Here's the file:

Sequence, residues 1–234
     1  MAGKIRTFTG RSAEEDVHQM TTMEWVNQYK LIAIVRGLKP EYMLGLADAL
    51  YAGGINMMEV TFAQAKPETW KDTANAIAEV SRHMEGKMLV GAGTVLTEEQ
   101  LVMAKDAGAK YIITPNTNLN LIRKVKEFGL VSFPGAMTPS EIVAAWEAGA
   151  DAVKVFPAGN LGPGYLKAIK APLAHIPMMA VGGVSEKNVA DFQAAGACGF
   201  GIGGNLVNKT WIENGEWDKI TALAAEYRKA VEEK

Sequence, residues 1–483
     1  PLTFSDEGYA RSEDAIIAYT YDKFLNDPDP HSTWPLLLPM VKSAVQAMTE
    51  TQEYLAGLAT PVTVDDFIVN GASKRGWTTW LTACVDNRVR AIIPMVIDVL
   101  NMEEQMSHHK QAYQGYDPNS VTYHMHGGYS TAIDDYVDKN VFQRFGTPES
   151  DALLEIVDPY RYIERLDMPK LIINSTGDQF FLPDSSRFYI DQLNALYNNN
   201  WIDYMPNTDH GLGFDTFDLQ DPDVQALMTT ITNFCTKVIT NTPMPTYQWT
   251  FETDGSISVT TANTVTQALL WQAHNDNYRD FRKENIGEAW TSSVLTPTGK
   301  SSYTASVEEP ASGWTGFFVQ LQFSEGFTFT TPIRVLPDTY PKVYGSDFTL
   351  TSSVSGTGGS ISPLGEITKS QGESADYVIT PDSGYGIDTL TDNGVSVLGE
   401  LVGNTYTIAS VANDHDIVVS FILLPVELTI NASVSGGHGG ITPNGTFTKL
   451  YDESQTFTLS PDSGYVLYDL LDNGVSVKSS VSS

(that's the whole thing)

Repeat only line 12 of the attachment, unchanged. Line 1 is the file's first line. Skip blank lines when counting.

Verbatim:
   201  WIDYMPNTDH GLGFDTFDLQ DPDVQALMTT ITNFCTKVIT NTPMPTYQWT